October 28, 2016
While public interest in science continues to grow, the level of U.S. scientific literacy remains largely unchanged, according to a survey by the Institute for Social Research.
Funded by NASA, the study found that 51 percent of Americans are interested in science, but only 28 percent have a sufficient level of scientific understanding to follow and engage in debates about current science and technology policy issues.
The level of scientific literacy has remained constant for nearly a decade.
Recent reports from the National Science Foundation reinforce the U-M findings. Analyses since the 1980s have shown that the adult literacy rate is driven primarily by the completion of college-level science courses and completion of a baccalaureate degree. It is this group that follows science and technology news closely in the media, both traditional and online.
After NASA's 2011 Mars Curiosity Landing and 2015's first-ever close-up images of Pluto, Americans' interest in science spiked — but scientific literacy still lagged. Why the disconnect? NASA wanted to know.
In September 2015, NASA's Science Mission Directorate selected 27 organizations across the nation to implement a new strategic approach to more effectively engage learners of all ages on NASA science education programs and activities.
U-M was one of those selected and was tasked to study ways to boost science literacy, with the support of a $5.2 million five-year cooperative grant from NASA.
"NASA plays a key role in addressing these issues because of the exciting and accessible activities that their earth and space science activities afford," said Jon Miller, director of the International Center for the Advancement of Scientific Literacy at ISR.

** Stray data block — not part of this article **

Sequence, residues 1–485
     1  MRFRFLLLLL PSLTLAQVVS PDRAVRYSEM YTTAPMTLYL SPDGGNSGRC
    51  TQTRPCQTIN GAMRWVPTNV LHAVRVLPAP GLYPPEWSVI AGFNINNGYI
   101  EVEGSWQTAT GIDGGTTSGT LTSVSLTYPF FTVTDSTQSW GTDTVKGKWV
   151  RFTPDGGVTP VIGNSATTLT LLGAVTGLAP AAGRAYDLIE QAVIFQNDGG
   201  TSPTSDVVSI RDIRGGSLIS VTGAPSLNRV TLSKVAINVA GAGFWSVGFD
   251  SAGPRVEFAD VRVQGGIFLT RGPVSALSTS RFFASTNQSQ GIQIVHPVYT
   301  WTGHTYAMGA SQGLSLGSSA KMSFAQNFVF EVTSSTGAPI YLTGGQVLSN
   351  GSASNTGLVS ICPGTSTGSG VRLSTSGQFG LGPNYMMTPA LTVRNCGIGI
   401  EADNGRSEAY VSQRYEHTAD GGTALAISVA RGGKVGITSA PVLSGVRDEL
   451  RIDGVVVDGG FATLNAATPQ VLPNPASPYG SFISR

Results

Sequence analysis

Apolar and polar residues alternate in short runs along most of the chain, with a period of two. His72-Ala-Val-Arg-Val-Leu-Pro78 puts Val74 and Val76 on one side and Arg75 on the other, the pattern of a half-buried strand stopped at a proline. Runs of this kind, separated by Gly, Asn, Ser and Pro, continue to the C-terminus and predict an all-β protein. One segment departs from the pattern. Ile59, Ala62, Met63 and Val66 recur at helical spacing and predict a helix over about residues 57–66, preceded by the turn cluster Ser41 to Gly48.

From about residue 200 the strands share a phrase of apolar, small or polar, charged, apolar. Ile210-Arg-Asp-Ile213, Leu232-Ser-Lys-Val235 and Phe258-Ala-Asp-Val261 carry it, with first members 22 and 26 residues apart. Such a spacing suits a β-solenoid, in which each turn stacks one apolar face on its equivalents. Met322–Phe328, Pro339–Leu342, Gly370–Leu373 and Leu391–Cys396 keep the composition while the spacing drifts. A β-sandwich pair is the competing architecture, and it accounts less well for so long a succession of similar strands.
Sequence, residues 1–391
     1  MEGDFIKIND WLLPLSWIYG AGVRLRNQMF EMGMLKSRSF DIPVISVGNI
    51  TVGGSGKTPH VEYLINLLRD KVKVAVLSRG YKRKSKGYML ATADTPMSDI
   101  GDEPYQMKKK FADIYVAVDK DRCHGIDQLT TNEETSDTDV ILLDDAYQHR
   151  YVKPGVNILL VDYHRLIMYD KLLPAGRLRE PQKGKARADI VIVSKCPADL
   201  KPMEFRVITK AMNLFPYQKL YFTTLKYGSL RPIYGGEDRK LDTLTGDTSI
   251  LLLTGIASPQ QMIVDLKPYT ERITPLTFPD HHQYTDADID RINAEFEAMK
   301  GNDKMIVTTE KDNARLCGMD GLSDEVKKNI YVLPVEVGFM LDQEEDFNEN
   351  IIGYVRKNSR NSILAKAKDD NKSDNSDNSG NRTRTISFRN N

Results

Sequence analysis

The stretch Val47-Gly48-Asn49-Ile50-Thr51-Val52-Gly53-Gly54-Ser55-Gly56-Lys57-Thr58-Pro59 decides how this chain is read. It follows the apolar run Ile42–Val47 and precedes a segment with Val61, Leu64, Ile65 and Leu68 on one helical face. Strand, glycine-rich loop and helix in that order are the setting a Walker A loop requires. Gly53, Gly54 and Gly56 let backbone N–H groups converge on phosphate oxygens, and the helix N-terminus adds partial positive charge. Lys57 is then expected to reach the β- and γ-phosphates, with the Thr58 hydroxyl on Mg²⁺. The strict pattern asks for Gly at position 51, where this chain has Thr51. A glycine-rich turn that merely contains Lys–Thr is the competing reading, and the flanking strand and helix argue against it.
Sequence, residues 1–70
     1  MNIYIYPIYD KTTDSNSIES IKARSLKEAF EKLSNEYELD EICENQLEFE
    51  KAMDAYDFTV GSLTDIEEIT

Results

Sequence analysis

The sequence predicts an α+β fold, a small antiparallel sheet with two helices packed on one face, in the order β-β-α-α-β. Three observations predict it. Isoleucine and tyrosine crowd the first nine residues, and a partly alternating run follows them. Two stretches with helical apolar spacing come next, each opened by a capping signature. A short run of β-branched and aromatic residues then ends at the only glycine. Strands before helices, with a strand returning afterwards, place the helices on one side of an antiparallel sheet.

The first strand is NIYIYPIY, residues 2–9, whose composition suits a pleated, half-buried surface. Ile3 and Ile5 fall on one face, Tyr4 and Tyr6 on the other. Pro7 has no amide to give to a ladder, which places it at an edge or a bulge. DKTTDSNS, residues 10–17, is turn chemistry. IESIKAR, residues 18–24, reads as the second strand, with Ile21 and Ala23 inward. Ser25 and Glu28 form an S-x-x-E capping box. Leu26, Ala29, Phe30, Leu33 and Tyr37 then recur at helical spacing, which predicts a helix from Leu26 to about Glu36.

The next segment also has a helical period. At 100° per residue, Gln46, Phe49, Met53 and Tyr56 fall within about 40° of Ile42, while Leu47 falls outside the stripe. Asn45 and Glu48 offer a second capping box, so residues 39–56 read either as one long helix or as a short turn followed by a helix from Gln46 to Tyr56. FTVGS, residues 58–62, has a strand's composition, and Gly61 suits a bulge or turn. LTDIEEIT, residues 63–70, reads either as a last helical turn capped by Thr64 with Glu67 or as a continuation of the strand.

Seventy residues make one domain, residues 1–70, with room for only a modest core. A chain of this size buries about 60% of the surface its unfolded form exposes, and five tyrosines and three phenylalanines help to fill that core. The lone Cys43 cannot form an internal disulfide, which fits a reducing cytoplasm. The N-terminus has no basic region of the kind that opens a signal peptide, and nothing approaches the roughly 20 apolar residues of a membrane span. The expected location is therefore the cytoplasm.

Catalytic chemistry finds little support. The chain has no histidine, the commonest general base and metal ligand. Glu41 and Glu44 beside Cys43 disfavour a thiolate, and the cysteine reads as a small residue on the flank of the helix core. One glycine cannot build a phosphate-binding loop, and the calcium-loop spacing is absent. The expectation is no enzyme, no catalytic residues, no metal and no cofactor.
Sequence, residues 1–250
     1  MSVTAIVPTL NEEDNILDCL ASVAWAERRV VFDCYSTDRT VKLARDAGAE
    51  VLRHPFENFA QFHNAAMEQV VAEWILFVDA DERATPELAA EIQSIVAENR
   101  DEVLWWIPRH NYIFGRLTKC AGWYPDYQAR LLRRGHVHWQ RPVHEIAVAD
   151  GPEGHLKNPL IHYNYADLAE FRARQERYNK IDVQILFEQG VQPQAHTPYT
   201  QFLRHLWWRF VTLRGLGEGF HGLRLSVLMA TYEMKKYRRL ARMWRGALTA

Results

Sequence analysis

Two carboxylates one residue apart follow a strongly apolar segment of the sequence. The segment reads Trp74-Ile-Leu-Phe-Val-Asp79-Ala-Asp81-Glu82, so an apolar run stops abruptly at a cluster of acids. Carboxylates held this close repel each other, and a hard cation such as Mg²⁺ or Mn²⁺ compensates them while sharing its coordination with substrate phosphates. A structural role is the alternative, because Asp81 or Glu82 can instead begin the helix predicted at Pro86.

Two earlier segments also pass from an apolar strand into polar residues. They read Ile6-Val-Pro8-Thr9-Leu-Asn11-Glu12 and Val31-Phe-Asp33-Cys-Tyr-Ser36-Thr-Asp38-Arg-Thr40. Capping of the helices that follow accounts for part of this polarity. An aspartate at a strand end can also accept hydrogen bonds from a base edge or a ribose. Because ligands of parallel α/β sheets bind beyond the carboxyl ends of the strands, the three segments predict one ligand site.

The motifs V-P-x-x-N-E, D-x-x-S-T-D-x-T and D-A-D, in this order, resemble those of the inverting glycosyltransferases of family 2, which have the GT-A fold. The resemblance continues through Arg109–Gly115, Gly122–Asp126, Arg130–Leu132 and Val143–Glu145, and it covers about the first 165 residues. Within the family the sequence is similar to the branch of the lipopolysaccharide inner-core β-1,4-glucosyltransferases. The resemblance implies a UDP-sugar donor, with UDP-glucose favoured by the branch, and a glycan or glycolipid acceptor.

NASA's current science portfolio consists of more than 100 missions. In 2015, SMD required all of its science education-related activities to compete in a reassessment to better align science content and experts with learners' needs.
An examination of the pattern of growth in adult scientific literacy indicates that levels increased steadily between 1988 and 2008, but has plateaued since then.
"The stability observed in these results suggests that less growth in these factors may, in part, reflect the impact of the recession on educational enrollments," Miller said. "We will continue to examine the factors associated with the stalled rate of growth in scientific literacy and expect to be able to identify and discuss causal factors in subsequent reports."
The U-M survey builds on several decades of work that was initiated by a survey sponsored by the National Association of Science Writers in 1957, with funding from the Rockefeller Foundation, and conducted by U-M's Survey Research Center.
The 1957 study was conducted only a few months prior to the launch of Sputnik and provides an essential baseline. In 1979, Miller and colleague Kenneth Prewitt resumed the series with support from the National Science Board.
With the issuance of the five-year NASA grant, Miller is continuing this work with an eye to the future.
"NASA has provided lifelong learners around the globe the information to become science literate, a key asset being the inspiration NASA science missions provide," said Kristen Erickson, director of Science Engagement and Partnerships at NASA. "Our diverse portfolio gives us the opportunity to accomplish that mission in many ways — not only to the scientific community but to the public worldwide."